Paul Burgmann
Could someone help me with this grammar stuff, please? Hi folks, I more than often struggle with sentence constructions like this: “I have to translate what I want to say in my head before I speak.” Could I replace “before I speak” with “before speaking” or “before I am speaking”? My gut feeling says no but this is not reliable enough I am afraid. Thanks! Paul
Nov 12, 2018 6:37 PM
Answers · 8
Hi Paul, To answer your questions about whether there is a difference between "before I speak” and “before speaking”, I would say there is no difference in meaning. In terms of grammar "before I speak" is an adverbial clause, and "before speaking" would be a reduced adverbial clause (more like a phrase now). It is just simplified and therefore a good way to vary your sentences so that they don't become too repetative. I hope that helps.
November 12, 2018
'Before I am speaking' is incorrect. But your other examples are grammatically correct.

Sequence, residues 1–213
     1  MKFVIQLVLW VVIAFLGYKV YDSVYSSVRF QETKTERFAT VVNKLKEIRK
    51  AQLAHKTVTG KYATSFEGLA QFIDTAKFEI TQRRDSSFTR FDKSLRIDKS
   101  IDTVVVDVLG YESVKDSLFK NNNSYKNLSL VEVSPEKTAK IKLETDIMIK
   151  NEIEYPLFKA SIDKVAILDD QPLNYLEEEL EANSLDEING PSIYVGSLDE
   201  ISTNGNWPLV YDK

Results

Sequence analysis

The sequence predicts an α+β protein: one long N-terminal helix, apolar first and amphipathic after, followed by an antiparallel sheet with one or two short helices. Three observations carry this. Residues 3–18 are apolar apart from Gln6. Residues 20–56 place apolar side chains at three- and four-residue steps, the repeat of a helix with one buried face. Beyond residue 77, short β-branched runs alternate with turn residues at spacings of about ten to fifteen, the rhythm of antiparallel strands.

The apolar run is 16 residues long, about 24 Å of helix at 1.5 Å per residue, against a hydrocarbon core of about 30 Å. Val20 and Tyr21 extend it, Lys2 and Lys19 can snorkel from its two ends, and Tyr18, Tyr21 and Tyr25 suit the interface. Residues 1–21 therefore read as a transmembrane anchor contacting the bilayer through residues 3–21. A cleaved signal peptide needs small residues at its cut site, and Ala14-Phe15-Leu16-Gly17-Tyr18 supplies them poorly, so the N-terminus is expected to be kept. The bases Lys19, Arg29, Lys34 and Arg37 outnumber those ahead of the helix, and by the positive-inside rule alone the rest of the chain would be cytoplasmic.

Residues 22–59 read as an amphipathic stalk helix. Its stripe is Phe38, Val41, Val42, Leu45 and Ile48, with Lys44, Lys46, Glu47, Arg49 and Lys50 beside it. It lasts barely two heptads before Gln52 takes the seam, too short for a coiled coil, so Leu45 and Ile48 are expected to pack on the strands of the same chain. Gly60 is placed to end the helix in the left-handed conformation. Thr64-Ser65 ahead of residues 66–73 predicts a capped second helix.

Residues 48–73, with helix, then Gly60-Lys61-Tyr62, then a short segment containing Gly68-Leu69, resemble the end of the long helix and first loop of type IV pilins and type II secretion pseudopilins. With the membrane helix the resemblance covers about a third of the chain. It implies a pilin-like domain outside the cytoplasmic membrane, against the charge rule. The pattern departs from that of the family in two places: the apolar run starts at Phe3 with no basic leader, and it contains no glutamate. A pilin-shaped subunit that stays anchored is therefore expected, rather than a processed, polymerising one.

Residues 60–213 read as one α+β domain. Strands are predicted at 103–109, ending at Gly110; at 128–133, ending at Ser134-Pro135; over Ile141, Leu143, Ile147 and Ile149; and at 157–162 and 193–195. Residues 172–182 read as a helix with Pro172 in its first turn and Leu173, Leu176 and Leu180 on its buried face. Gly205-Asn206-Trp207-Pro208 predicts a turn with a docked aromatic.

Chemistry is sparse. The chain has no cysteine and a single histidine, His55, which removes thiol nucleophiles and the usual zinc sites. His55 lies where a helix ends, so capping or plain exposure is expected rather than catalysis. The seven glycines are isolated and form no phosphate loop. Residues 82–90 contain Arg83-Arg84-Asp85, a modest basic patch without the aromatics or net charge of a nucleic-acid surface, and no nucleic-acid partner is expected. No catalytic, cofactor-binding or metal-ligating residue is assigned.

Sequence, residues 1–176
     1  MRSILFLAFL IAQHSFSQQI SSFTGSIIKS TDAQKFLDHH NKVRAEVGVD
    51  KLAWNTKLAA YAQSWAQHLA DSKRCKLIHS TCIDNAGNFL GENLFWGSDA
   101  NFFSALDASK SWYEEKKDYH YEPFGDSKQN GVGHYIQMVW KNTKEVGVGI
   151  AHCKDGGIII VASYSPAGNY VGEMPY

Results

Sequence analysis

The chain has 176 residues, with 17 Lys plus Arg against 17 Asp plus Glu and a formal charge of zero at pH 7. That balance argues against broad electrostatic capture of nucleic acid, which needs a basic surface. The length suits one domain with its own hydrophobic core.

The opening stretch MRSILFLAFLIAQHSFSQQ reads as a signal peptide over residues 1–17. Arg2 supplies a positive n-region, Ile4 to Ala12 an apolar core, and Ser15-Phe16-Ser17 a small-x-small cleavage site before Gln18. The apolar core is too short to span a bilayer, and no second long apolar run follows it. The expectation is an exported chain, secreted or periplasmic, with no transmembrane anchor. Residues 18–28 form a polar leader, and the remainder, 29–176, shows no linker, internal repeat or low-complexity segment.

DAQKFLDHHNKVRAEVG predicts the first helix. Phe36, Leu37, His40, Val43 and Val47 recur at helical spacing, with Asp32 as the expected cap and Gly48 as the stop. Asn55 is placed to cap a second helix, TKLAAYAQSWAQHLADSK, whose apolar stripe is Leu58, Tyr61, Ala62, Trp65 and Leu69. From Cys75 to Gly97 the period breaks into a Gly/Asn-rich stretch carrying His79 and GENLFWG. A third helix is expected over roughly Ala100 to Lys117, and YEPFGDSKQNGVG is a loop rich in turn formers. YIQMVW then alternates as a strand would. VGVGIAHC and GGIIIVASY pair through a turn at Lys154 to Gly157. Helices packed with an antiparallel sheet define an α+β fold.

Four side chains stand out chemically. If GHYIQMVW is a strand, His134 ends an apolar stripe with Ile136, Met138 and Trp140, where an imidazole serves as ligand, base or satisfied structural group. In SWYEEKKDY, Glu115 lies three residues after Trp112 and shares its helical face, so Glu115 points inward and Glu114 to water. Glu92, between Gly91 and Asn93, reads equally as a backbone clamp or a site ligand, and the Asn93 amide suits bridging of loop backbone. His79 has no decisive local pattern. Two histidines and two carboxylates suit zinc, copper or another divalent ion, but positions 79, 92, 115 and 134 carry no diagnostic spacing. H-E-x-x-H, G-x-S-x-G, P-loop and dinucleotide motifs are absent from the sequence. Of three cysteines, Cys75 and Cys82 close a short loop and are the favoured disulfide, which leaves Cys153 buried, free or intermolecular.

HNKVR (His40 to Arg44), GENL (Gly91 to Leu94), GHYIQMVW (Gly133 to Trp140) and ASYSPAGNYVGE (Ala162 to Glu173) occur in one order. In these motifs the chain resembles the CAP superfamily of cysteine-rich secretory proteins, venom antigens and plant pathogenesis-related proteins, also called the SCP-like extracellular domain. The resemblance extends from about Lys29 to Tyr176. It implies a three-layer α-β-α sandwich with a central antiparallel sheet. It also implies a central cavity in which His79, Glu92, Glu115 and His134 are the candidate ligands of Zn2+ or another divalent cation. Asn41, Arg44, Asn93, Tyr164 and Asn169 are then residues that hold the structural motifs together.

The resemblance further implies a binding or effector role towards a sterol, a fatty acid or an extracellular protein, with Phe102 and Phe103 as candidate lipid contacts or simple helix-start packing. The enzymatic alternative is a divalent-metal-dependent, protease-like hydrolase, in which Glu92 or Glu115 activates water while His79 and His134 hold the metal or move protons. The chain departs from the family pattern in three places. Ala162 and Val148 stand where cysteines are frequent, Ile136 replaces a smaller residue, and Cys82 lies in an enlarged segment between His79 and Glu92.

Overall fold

November 12, 2018
Hi Keith, Thanks for your explanation. Am I right when I say “I have to translate what I want to say in my head when speaking.”? According to what I learned from your answer I cannot use “ when I speak” here.
November 12, 2018
when I speak = 'immediately after I speak/say something' eg: when I speak to him, he speaks to me. (first me, then him) when speaking = during the time that I'm speaking. :)
November 12, 2018
Thank you, Mohammed. Could you tell me whether there is a difference in meaning (“when I speak” vs “when speaking”), please?
November 12, 2018
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Paul Burgmann
Language Skills
English, German
Learning Language
English